In this paper, the bearing materials like Nickel, Nickel Chrome, Molybdenum Disulfide, PTFE and Nylon which are widely used in industry. These materials are investigated in order to find the possible consequences of wear and friction. The diameter and the length of the pins are 10 mm and 30 mm respectively. For the same surface conditions, the top surfaces of each pins are finished with abrasive paper. The wear rate will be relatively small in most of the machinery and engineering tool. For measuring wear, we are using some apparatus and instruments which give results about the wear rate in the tools and machinery.
Lubrication are subjected to avoid the excessive wear and friction when there is metal to metal contact present during the relative motion of moving parts in some engineering applications. In designing the wear and friction are the most important factors. In Pin on disc apparatus the loaded pin is to simulate the parallel surface in motion ex. Collar bearing, slider in machine tools.
Specifications of the test rig is given in Table 1.
Five different materials i.e. Nickel, Nickel Chrome, Molybdenum Disulfide, PTFE and Nylon are taken. The material properties are shown in Table 2. Number of Readings are recorded and time span for each set up was 60 minutes. In this study, coefficient of friction, temperature values and wear rate of bearing coating material samples are determined by wearing on Pin on disc wear test rig. All materials are tested with the identical lubricating condition i.e. during the test 20W40 (HP) oil is used. Specification of Materials to be tested in the same conditions are given in the table 2.
Test conditions for different materials are shown in table 3.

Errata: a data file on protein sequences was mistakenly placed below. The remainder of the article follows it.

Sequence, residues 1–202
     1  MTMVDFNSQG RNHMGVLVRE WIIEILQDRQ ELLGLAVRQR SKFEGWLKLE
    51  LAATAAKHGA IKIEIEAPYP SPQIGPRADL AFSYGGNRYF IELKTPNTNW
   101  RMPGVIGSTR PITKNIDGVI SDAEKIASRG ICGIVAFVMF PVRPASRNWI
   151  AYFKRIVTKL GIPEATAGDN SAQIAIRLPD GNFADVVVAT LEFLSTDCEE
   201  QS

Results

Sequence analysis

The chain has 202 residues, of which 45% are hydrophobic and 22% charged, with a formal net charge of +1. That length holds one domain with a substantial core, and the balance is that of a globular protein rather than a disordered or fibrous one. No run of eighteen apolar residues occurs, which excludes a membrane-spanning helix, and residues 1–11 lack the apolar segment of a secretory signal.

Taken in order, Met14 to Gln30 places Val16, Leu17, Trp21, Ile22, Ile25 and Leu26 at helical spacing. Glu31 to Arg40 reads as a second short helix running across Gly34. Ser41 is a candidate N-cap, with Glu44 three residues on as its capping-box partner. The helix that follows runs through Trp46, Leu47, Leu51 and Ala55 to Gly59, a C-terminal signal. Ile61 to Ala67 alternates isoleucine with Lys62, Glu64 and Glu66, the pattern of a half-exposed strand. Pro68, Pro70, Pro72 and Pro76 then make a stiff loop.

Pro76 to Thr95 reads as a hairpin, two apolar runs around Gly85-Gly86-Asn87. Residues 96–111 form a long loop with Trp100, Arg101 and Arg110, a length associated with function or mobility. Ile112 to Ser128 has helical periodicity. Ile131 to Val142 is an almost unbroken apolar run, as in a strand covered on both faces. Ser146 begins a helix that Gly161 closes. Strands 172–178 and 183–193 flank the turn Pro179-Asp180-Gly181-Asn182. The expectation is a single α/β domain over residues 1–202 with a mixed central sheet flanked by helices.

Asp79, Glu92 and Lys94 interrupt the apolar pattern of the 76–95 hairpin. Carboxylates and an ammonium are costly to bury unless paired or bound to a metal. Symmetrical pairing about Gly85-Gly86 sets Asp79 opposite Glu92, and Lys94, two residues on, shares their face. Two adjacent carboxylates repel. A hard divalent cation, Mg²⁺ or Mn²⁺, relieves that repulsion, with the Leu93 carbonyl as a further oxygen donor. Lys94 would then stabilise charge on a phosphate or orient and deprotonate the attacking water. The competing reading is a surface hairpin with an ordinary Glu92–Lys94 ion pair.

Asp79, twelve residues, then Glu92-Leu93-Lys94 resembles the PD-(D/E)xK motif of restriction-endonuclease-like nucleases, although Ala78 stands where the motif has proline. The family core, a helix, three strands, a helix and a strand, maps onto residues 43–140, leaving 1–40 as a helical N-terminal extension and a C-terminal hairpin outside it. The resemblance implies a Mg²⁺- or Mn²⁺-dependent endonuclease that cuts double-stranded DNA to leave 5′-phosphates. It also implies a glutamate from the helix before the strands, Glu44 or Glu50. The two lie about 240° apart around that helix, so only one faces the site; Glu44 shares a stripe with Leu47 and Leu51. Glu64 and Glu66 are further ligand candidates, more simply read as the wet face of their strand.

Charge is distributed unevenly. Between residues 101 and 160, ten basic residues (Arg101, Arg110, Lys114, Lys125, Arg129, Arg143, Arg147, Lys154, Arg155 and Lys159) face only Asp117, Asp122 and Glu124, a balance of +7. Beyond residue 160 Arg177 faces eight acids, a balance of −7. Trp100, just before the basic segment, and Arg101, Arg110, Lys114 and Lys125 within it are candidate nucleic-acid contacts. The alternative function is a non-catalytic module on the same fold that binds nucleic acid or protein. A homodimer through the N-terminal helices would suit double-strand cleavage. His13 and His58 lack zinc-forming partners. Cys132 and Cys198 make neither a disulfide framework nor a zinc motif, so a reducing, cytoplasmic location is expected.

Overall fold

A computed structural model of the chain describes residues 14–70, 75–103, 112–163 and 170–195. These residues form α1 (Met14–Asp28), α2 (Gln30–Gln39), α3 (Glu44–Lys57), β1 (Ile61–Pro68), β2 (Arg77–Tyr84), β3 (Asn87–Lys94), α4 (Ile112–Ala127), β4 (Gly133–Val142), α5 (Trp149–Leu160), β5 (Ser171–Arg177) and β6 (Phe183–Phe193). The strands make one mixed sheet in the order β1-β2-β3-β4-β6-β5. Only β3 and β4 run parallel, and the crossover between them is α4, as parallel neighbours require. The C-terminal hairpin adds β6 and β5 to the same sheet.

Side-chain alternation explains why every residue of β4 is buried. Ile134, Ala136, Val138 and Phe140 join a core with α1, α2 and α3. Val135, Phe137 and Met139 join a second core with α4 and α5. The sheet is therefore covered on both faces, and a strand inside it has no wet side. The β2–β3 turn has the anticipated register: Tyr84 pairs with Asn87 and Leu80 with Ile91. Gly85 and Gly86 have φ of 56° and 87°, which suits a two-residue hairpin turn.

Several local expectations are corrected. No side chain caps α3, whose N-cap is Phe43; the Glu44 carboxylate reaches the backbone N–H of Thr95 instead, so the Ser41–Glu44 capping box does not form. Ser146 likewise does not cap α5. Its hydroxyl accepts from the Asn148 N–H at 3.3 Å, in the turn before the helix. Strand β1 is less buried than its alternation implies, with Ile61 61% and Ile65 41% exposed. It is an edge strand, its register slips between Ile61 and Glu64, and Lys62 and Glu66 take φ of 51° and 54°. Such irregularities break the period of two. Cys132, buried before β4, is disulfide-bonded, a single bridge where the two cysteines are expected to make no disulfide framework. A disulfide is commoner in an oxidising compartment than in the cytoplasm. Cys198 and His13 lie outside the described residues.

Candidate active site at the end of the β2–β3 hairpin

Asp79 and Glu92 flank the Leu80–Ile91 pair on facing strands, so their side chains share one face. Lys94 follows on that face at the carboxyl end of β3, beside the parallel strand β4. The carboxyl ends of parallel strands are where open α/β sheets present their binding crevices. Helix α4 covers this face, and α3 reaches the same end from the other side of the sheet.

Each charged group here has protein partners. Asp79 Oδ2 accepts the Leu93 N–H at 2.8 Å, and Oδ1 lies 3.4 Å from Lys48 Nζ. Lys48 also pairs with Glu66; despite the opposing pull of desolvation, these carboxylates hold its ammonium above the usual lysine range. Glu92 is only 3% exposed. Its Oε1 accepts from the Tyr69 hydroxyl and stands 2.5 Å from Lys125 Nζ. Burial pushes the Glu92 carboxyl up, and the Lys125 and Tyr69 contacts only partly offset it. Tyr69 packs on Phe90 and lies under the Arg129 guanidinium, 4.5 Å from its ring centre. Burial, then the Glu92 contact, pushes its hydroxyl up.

 To Study the wear behavior of the different selected materials under the same conditions that is speed, load, lubrication and time.
 To study the relationship between coefficient of friction, frictional force, speed and load.
 To suggest the best suitable material for the journal bearing applications from the tested materials.


The tests has been done on five different materials and its values are given in Tables. With the help of software and arrangement made in the wear equipment made by Win Ducom. It is possible to record readings at different time spans and for the 60 Minutes test duration 50 readings were recorded for the Wear, frictional force and Coefficient of friction.
Different materials which are tested on the machine are given below
(1) Material: PTFE (Graphite)
The test result for wear rate for PTFE material is shown in fig 3.
From the result in Fig. 3, shows the wear of the specimen increases rapidly and then gradually increased and thus giving considerable high wear rate.
(2) Material: Nickel
The test result for wear rate for Nickel material is shown in fig 4.
From the result in Fig. 4, shows the wear of the specimen increases rapidly and after some interval it increases gradually and thus giving considerable high wear rate.

(3) Material: Nickel Chrome

The test result for wear rate for Nickel material is shown in fig 5.
From the result in Fig. 5, shows the wear of the specimen increases rapidly and then decreases gradually, and becomes constant after some time. Therefore this material giving a wear rate which is more.
(4) Material: Molybdenum Disulphide
The test result for wear rate for Molybdenum Disulphide material is shown in fig 6.
From the result in Fig. 6, shows the wear of the specimen decreases gradually and remains constant, thus giving low wear rate.
(5) Material: Nylon (Blue)
The test result for wear rate for Nylon (blue) material is shown in fig 7.
From the result in Fig. 7, shows the wear of the specimen fluctuates and then increases rapidly and remains constant, therefore giving considerable high wear rate.
Similarly the graphs are plotted for frictional force and coefficient of friction. Discussion is made on the basis of graphs and readings taken during the test.


It can be concluded from observations and graphs: